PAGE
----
Temtem Is Nearly Perfect For The Steam Deck, But Not Quite

I’m playing Temtem while I wait for Pokemon Scarlet & Violet. For the most part, that’s because Legends: Arceus was a great concept but isn’t very replayable and I’d rather crawl naked across a field of Ferrothorn than play Brilliant Diamond again. I spent longer with Sword & Shield’s competitive modes than most people, but even I have tailed off ranked at this point. So, a Pokemon-like it is.

I’m enjoying Temtem so far, much more than I did when I played in beta. I love watching other tamers’ Temtem follow them around, as it inspires me to level up and evolve my own party so I, too, can show off an awesome monster to strangers over the internet. I’m just cool like that. The battles are great too, offering far more strategy than any Pokemon game I’ve ever played (official ones, at least), engaging me and forcing me to think carefully about my moves in even the most basic matches.

It’s not all good, though. While the Dojo Masters (gym leaders) offer tough challenges, I’m finding there are always a row of four or five relatively easy tamers immediately before any storyline fight. While they’re not too hard to beat, the excessive cost of healing potions means that you’ll inevitably have to head back to the nearest town to restore your party once or twice, just to progress. That’s heading all the way back through a route, fending off untamed Temtem, healing, and coming all the way back, maybe doing that twice, just to artificially inflate the difficulty.

That’s not what I’m here to write about today, though. As you can probably tell from the headline, I’ve mostly been playing Temtem on my Steam Deck. Any of you well-versed in Ben Sledge lore or who filled my DMs with abusive messages will know that I don’t really like the Steam Deck. I went as far as to say it’s not fit for purpose. I stand by that, because its tiny battery life means I can’t rely on it lasting an entire journey to see my nan – in my eyes, that’s not a portable device. But Pokemon-likes need to be played handheld.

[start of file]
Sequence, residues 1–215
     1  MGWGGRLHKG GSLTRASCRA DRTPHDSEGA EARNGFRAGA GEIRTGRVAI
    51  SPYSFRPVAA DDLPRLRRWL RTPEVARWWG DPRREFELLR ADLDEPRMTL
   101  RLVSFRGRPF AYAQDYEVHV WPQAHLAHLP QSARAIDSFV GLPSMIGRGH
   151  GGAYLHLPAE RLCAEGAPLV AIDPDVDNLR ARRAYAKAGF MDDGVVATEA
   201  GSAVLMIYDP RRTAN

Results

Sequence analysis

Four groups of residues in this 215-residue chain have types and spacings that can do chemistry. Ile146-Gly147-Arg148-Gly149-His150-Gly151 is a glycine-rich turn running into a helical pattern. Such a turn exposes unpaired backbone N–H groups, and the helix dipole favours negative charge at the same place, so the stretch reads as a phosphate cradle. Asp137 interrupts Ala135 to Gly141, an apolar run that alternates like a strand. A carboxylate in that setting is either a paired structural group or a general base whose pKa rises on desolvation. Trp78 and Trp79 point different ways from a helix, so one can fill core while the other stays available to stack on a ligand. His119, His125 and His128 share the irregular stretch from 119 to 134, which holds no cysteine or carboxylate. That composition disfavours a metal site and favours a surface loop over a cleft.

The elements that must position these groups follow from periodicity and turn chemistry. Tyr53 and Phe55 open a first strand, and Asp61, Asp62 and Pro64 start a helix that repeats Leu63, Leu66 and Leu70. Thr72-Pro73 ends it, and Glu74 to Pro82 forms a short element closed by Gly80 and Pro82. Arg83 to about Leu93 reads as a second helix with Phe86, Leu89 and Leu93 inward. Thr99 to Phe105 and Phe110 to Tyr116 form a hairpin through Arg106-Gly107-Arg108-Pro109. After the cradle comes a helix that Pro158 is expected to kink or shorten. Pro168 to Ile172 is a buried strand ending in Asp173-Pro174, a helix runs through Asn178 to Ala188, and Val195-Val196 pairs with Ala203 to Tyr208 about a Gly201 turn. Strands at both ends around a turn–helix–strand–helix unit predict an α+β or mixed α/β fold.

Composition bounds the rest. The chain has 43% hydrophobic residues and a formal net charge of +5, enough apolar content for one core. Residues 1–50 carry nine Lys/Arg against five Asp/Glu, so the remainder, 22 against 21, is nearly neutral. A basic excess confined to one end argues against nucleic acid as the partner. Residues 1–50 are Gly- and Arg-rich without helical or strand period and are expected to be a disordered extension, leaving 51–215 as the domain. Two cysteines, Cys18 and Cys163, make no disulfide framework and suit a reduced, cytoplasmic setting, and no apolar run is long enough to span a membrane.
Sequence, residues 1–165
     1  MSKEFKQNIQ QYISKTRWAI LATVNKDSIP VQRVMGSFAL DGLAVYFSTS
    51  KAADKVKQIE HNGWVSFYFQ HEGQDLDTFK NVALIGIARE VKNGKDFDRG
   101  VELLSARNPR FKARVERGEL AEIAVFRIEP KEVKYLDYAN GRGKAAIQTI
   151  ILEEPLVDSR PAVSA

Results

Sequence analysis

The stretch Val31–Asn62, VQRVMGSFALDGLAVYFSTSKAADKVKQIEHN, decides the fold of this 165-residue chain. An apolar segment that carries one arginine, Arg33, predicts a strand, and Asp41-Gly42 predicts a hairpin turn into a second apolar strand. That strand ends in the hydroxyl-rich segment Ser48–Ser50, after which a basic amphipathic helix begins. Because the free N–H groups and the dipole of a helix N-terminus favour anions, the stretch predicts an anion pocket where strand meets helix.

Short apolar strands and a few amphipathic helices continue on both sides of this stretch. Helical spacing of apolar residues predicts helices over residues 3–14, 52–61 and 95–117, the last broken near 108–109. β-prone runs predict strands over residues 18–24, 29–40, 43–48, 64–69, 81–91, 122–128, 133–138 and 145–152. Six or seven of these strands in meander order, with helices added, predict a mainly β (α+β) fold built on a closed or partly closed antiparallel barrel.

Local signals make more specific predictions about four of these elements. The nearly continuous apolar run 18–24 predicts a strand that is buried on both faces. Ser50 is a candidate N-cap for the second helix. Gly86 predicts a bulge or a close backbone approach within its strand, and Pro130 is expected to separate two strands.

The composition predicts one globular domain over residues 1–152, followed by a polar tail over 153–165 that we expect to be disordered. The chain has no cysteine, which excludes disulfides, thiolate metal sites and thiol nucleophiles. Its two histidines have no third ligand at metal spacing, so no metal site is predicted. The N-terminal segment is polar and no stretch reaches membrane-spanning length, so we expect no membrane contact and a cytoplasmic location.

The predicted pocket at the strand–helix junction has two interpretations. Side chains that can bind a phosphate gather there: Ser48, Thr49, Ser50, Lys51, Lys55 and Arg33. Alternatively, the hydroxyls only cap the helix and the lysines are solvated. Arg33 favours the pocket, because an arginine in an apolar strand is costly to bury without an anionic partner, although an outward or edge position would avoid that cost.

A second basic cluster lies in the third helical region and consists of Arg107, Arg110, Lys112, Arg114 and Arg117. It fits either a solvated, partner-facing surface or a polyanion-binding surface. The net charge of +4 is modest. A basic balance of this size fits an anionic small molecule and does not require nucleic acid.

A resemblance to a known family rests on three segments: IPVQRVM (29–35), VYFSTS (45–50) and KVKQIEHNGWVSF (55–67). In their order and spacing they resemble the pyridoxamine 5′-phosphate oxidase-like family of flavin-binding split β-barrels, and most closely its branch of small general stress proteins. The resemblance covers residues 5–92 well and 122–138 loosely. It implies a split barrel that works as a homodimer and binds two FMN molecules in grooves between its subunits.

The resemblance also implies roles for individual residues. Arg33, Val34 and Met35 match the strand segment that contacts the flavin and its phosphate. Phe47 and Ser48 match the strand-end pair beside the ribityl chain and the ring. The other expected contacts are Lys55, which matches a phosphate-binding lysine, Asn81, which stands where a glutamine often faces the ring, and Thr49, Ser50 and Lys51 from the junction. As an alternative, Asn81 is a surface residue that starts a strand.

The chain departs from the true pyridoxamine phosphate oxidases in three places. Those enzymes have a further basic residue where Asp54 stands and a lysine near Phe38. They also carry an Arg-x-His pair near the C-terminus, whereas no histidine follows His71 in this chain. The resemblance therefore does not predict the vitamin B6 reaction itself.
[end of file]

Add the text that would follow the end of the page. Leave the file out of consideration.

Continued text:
I’ve played a bit of Temtem on my PC, but it feels weird. I guess that’s the preferred option for those who’ve come to the game from other MMOs, but for Pokemon bois like me, I’m used to playing on a Switch. Before that, I played on a DS. Before that, a GameBoy Advance. You get the picture. It looks like Pokemon, it needs to be played handheld.

Temtem almost sold me on the Steam Deck. It’s so close to being perfect. The console is obviously more powerful than a Switch, and its large screen shows off Temtem’s lovely routes and, let’s say, unique, monster designs. It’s not that intensive a game either, so the battery life lasts a little longer than when I’m diving into The Witcher 3 or Cyberpunk 2077. Not that I do that often any more due to aforementioned battery issues. The load times are still a little long – I’m too used to the speedy SSDs in my PC and home consoles – but that doesn’t bother me too much. The only setback I have isn’t even to do with the Deck, it’s a Temtem issue.

Being an MMO, you have to be connected to the Temtem servers in order to play. This obviously means you need an internet connection. That’s something I don’t usually have when, say, on a train journey, getting a bus into town, or settling in for a long drive. I don’t like wasting my phone’s limited data on creating a mobile hotspot, so I just can’t play Temtem on the go – and that’s a real shame.

My favourite memories of Pokemon are playing it on my Game Boy Advance on long car journeys. I could only move forward, battle, or read dialogue when the streetlights briefly illuminated the unbacklit screen, which led to me playing Pokemon Sapphire almost like a stop-motion game at some points. I’m assuming everyone else’s parents acted like the world would end if you turned on the tiny little lights inside the car, right? Please someone say yes so that I know I didn’t suffer alone.

There’s a point to that story, I promise you. Pokemon games, and Nintendo games on the whole, have always been a portable experience to me. And Temtem, despite not being a Nintendo game, has Nintendo energy. More specifically, it has Pokemon energy, for obvious reasons. The fact that I can’t get that portable Pokemon experience with Temtem is a little bit heartbreaking, and I feel a little hit of sadness every time I get my Steam Deck out on the train and have to scroll past it.

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